The mechanization of agriculture, particularly the introduction of tractors for soil tillage and crop cultivation, was revolutionary for farmers. It was perhaps more abrupt and life changing for those in the rural South than for some who had adopted the use of machines in the field earlier. Everywhere, it reduced the drudgery of manual labor dramatically.
Several forces came together to bring tractors and related equipment to South Georgia farmers. The first thing was money, whether cash or credit. President Franklin D. Roosevelt’s New Deal featured many programs related to farming and rural people, some of which improved income and access to reasonable credit. However, few farmers in this region bought tractors before World War II, whether due to limited resources or the conservatism of people for whom risk could lead to disaster.
World War II was revolutionary itself, bringing more change to this country than anything since the Civil War. Young people left the farm for military duty or to engage in new work in defense industries. Those who returned knew how to build, operate and repair tanks, bulldozers, trucks, jeeps, automobiles and airplanes. This was a mighty leap in technical skills from the “gee” and “haw” of handling mules. They were prepared to use tractors.
The war brought major economic change. Full employment and high demand for all agricultural products ended any hangover from the Great Depression and put real money in the pockets of farm people. The G.I. Bill allowed returning servicemen to buy farms and equipment. They could buy tractors and learn how to drive them quickly. So could their more cautious “old style” neighbors.
Education was another force. The G.I. Bill also provided training programs that taught veterans to “how to do it” introduced them to agricultural innovations. Federal programs provided assistance and information to all through “county agents”, who were resource people at the local level. Vocational agriculture courses in high schools prepared their students to do new things in better ways, sometimes teaching their parents indirectly.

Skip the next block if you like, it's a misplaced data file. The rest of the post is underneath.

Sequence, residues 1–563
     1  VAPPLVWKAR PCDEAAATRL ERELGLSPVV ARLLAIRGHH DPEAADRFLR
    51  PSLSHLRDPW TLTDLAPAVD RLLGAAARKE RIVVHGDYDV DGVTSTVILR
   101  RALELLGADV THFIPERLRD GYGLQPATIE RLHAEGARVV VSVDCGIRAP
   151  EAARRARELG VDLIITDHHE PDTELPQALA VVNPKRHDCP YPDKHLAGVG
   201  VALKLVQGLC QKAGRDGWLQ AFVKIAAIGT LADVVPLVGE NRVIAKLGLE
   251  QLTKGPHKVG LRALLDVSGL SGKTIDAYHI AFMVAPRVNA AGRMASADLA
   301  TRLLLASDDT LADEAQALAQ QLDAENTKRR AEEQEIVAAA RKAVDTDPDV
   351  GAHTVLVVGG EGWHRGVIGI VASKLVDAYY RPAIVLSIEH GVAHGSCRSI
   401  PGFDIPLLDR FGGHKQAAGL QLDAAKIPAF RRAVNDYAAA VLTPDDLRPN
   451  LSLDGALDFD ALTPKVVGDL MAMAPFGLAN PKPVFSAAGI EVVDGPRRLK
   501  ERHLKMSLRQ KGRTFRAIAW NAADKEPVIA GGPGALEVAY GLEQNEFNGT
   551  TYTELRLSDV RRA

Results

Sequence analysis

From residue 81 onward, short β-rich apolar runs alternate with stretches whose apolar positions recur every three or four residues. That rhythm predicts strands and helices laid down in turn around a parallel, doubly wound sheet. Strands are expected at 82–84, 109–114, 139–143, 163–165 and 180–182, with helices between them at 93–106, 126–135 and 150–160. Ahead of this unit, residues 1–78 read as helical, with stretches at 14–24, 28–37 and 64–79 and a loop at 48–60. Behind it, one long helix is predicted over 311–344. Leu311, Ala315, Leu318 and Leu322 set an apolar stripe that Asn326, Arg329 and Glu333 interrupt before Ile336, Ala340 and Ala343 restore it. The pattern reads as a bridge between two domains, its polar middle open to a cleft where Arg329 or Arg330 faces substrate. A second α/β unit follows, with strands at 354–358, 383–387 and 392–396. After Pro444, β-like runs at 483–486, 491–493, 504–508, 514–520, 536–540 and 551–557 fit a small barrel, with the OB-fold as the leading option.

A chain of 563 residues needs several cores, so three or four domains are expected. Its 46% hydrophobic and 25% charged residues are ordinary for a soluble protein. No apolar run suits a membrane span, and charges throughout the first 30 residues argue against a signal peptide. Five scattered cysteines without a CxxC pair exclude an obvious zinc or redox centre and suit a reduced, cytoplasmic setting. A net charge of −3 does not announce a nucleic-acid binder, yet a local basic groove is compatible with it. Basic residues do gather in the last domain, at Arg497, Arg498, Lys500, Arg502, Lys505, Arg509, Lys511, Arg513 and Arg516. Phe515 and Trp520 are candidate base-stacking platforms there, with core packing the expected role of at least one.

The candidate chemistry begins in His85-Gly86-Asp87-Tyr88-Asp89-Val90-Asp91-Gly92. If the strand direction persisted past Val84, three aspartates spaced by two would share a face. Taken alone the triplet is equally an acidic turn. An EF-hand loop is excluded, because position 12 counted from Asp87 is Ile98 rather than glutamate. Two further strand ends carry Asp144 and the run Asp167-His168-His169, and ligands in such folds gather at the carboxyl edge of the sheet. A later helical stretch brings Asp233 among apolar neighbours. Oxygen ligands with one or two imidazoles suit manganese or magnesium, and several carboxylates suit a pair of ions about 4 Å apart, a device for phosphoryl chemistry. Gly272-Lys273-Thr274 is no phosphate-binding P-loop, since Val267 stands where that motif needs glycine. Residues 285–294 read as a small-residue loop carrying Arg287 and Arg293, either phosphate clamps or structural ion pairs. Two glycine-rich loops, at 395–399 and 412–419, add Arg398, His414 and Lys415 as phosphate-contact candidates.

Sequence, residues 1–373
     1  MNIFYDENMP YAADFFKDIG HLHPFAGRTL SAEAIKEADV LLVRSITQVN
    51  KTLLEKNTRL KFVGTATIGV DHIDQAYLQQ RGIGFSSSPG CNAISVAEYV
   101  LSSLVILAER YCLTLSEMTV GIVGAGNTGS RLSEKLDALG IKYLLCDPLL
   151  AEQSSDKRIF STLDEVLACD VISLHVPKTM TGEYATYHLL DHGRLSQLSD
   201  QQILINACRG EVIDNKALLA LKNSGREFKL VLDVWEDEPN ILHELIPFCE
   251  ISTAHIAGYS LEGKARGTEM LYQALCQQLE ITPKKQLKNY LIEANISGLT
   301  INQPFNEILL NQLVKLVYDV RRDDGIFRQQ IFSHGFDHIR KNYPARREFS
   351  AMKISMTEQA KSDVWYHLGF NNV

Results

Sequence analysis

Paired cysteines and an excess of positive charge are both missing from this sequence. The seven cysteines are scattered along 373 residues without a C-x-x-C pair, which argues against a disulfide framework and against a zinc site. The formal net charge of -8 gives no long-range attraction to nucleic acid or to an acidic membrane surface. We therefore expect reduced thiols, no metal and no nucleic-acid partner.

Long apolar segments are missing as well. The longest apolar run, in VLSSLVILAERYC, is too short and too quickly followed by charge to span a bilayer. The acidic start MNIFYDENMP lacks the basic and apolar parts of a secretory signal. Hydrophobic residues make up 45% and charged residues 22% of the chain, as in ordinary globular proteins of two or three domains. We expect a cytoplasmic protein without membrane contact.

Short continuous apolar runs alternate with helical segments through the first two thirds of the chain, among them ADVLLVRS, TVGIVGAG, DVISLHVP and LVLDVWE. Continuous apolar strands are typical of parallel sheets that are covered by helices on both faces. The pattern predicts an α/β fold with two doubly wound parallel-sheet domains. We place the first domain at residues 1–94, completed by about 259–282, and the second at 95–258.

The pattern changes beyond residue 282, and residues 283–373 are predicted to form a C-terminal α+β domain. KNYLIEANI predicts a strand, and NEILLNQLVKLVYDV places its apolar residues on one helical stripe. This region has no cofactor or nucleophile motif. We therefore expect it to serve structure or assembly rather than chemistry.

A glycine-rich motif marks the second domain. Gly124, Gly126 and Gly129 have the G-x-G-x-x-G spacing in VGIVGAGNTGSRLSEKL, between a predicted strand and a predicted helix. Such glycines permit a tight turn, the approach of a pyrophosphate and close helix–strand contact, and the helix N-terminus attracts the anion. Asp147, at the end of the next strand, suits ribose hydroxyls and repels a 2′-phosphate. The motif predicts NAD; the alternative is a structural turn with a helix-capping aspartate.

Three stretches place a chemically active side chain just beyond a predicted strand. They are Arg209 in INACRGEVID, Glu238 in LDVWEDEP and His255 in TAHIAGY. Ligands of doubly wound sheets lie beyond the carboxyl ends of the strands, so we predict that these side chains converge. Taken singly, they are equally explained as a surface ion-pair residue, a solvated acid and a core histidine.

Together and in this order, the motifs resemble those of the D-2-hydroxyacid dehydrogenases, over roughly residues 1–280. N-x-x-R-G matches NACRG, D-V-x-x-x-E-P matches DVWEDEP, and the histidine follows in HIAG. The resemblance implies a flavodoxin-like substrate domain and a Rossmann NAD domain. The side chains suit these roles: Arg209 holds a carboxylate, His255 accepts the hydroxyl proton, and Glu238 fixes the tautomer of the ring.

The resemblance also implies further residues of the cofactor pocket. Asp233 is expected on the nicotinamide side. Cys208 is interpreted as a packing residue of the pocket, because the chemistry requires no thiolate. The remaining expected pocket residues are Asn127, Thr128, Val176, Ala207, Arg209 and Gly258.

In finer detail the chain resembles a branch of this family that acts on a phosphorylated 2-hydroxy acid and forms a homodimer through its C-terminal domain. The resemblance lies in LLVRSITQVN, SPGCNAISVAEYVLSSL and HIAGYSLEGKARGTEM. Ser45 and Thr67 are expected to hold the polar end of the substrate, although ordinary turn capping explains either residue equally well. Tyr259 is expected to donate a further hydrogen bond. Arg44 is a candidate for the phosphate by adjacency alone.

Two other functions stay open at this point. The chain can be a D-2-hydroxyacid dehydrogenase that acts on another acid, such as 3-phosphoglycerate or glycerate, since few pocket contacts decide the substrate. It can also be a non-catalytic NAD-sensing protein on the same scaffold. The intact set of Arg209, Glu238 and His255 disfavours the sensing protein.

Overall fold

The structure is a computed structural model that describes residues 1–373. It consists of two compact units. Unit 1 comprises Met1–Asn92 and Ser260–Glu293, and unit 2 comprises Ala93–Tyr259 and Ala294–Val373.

Fodder pulling illustrates well the “before and after” of the introduction of tractors.
In South Georgia, “fodder” was feed for mules, a broad term that had specific meaning in this context. It referred to bundles of dried blades of corn, harvested in mid-summer and fed to mules as long as it lasted over the rest of the year.
A man’s mules were his lifeline, his necessary beast-of-burden for economic survival. Few horses were used because big ones had too-big feet and appetites to match while small ones lacked the stamina of mules. Because of their importance, mules had to be well-fed and cared for daily.
Corn was central to the diet of well-fed mules. When it was placed in troughs in their stalls, mules ate the shucks and neatly shelled the grains off the cobs, which they discarded. However, some years yielded abundant corn crops but many did not. Since corn was also central to the diet of humans, hogs, chickens and milk cows, the harvest might not last.
Supplemental feed was the answer, but unlike the Plains States, this region had no equivalent to the prairie grasses that produced hay. Here land was wooded and any spot allowed to “lay out” (remain fallow) was soon covered with broom sedge and/or dog fennel, not raw materials for hay. Fodder was gathered late in the growing season for corn, mid-summer–late July or August. Timing had to be right, after the grains on the corn ear were filled out but before foliage began to dry down and lose its nutritional content, which was limited at best. Pulling fodder was simple. Strip off the blades of foliage below the ear and hang them between the ear and stalk to dry. Go to the next plant and repeat. After a few days of drying in the sun, fodder was collected into bundles and hauled to the barn.
However, pulling fodder was onerous labor. It came at the hottest time of year and cooling breezes do not readily penetrate a patch of full-grown corn. The corn plant looks benign, but is not. Its blades are sharp. Because they are plant not metal, they do not slice deeply but repeated contact with exposed skin inflicts many shallow, even invisible, wounds that really smart when bathed in sweat. The remedy is to wear long pants, long sleeves and gloves, uncomfortable gear in mid-summer. Of course, these do not protect the face.
Hybrid Bermuda grasses that will flourish on almost any soil and yield abundant hay were introduced for cow feed. Tractors run on gasoline or diesel fuel. Farms don’t need mules. Pulling fodder is all but forgotten, to no one’s regret.
Roger G. Branch Sr. is professor emeritus of sociology at Georgia Southern University and is a retired pastor.